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  1. HailtotheKing is offline

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    Posted On:
    6/26/2009 10:01am


     Style: Judo, BJJ

    --
    Hell yeah! Hell no!
    Quote Originally Posted by cyrijl View Post
    I totally disagree. With all of the fucked up things that take place in competition (weight cutting, sand bagging, waiting for hours,etc), I don't see the benefit. Some of the guys who do well at tournaments at my school, I would allow these guys to teach my niece how to tie her shoes.

    NAGA is tomorrow, I couldn't cut weight because I was out of country for three weeks. So the guys I am going to go against will be 15-20lbs heavier than me. Probably belong to a skill level at least one above me. And I will have to wait 5-8 hours between divisions. I just don't see how this helps me. I regularly go to other schools to roll and train. Maybe competitions in other places are run differently, I don't know. But my judo and bjj experience has been the same.

    Plus I don't have any tapout or affliction shirts to wear.

    When the little buzzer goes off, I just can't bring myself to care anymoe than before the buzzer went off.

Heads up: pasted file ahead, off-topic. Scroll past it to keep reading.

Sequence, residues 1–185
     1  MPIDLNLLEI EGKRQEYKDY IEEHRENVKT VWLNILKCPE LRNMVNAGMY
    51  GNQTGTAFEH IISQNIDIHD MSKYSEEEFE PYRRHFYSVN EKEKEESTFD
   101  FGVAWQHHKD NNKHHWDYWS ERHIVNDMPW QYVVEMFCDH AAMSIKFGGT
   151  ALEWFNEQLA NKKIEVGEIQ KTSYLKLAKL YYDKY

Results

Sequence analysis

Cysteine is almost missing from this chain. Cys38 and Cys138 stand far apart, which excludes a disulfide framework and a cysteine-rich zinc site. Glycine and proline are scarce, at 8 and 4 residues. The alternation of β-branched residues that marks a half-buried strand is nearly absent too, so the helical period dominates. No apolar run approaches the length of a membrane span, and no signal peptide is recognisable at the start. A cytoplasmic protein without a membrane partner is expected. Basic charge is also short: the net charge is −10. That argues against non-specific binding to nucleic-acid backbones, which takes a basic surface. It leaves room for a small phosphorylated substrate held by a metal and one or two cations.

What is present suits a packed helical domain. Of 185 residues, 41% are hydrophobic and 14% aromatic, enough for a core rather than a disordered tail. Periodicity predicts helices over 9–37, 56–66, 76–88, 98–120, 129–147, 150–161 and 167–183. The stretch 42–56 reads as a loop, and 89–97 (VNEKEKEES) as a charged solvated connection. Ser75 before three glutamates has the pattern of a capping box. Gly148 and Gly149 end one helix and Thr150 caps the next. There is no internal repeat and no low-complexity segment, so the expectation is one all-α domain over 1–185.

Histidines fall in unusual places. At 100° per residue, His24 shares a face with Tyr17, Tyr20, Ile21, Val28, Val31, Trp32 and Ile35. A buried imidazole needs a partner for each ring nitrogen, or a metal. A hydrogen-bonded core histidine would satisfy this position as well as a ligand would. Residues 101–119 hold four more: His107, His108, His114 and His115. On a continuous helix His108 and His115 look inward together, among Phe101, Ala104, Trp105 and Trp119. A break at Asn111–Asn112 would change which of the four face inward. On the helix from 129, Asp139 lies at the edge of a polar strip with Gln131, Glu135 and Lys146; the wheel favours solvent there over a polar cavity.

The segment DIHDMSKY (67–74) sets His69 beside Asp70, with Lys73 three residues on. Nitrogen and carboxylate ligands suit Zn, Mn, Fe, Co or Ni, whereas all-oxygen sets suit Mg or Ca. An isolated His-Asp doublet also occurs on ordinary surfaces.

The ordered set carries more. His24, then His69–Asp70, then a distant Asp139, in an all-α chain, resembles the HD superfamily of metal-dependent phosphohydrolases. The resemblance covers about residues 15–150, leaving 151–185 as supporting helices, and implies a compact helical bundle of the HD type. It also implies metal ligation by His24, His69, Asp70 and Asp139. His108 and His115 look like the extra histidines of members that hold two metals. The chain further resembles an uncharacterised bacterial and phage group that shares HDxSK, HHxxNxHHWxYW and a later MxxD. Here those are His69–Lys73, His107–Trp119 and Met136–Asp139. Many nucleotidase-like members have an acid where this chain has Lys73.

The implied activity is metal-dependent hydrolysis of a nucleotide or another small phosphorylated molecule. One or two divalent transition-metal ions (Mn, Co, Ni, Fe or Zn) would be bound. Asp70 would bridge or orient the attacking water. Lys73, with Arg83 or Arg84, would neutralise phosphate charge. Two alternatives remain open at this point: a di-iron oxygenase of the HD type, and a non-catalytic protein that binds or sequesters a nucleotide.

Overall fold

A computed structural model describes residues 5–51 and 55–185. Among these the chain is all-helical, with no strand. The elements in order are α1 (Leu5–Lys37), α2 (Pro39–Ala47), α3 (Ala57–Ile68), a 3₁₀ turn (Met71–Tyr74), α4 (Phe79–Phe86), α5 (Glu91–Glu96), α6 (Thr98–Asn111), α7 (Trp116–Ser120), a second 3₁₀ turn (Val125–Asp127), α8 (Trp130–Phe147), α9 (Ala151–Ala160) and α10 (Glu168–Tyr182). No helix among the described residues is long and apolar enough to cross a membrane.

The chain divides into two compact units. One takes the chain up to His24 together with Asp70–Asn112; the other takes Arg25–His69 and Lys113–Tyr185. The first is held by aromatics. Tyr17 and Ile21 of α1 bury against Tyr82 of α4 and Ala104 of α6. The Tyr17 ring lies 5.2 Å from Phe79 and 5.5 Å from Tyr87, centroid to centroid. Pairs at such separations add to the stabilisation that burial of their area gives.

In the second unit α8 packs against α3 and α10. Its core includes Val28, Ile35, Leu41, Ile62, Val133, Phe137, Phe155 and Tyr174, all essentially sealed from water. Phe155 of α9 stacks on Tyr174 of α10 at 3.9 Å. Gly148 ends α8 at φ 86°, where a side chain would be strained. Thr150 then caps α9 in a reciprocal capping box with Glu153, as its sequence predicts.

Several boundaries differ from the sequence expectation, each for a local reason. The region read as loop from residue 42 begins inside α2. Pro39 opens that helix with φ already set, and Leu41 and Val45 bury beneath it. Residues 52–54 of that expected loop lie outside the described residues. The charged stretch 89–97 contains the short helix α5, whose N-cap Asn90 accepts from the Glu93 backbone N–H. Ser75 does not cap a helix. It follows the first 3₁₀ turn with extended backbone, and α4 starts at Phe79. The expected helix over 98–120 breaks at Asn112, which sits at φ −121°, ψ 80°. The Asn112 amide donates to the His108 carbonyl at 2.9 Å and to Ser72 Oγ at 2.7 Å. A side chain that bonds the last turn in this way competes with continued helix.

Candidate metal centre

Then why the hell are you paying the money to compete? Do you have extra cash and a Saturday to waste? Must be nice to not get anything out of it. Can you just pay my way next time?
  2. cyrijl is offline
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    Posted On:
    6/26/2009 10:27am

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     Style: BJJ, MT, Yoga

    --
    Hell yeah! Hell no!
    People want to see me compete so I do/did it. If my hands are in shape tomorrow I'll do it again. (long story, involves india, an allergic reaction, blisters and cracking skin).

    I don't have that much extra cash but our open mat is cancelled. Last competition I got fucked up rolling thursday night, couldn't bend over friday....woke up saturday, bored and with no open mat, so I decided to compete. I won my only no-gi match (i had to leave before the gi div) against a guy who was about 172 before he cut (you weigh in the night before). It was just so riduclous. Especially since you have guys who cut more than 20lbs.